We thought of ourselves at the time as overwhelmed by an incredible diversity, as, in the 1970s, we switched from one television station to the other only to see shows of remarkable similarity on both channels. The movies we watch are generally the same that play in the major studio-owned theatres, and wishing to pack their bars with drinkers, owners of stages only allow those who adequately represent the music made popular on major labels. Humans command incredible artistic diversity, but it is so far outside the regular consumer’s control that we have almost no say in what we consume. As the system becomes better organized, staff psychologists are brought in to help with advertising, and market research tries to ascertain what most people will buy. This is not what we want, remember, but rather what will make the mercantile interests the most money.

The great boon of the Gutenberg press, literacy and access to information, was betrayed once the business interests managed to get their hands on the process. Therefore, it’s worthwhile to look closer at the operations of business. We cannot expect the owners of the press to work for free, and everyone understood that when the rock chipper asked for two potatoes in exchange for his stone tool. It only took him one and a half potatoes to locate the stone and make the tool, but he also needs to feed his family. What makes his case very different than the business interests and their industrial-scale duplication is that he is not trying to build a huge mansion on every cliff that overhangs the river. He’s not trying to control several villages of stone-knapping slaves. He merely wants to make a living. The bottomless voracity of modern, post-Gutenberg business would seem hopelessly alien to him. What business wants is to steal.

At its core, the ideals of business are about theft, although this is legal and may even be socially sanctioned, depending on the society. The business owner in the corporate model steals in two ways. Whoever is producing the widget they sell, whether they are the artist or the proletariat on the factory floor, is not getting the wealth that their labour generates. If their work produces a hundred dollars a day and the business owner gives them a hundred, then soon he or she is bankrupt. Everyone understands this. But we also understand that if their labour earns a hundred dollars a day and the business owner gives them ten, then the business owner is pocketing the remainder.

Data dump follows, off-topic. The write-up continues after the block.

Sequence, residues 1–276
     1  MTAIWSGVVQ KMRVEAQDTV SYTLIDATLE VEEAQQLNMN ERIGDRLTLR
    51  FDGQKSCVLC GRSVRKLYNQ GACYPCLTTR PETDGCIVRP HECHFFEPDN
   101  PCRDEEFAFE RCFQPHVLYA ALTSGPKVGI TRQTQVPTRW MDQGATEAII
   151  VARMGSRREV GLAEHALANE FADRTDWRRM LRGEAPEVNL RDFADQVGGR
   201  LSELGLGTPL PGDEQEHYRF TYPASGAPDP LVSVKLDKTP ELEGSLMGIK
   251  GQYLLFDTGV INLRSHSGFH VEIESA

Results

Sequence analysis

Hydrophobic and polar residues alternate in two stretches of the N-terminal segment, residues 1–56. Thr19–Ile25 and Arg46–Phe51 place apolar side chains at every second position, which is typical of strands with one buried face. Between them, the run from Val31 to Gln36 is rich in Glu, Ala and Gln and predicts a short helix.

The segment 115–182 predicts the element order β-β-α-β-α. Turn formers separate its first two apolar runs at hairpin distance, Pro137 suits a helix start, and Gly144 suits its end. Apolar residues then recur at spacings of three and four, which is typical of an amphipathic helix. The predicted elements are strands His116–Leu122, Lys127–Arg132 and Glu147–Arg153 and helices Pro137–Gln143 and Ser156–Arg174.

There are many rationales for this behaviour, such as the owner built the factory, put up the money initially, and had the idea, but at the core of it he is stealing ninety percent of what Marx called the worker’s surplus labour.[26] For building the factory and putting up the money, we can understand they might be owed some amount of remuneration. Maybe even the idea is worth something, although in their minds the ideas of others rarely are. Where we differ is that they believe they are owed ninety dollars out of a hundred for the labour of each of their workers. They need to maintain their own house and family, but we know they do not need to so gouge them that their workers live in shacks and dress in rags while the owner drives a Mercedes and lives in a mansion. In other words, they steal a great deal of the wealth of their labourer in order that they may enjoy it themselves. They do not use that wealth to pay for a factory, or to invest more money in other enterprises. They use that surplus to live, some would say, undeservedly well.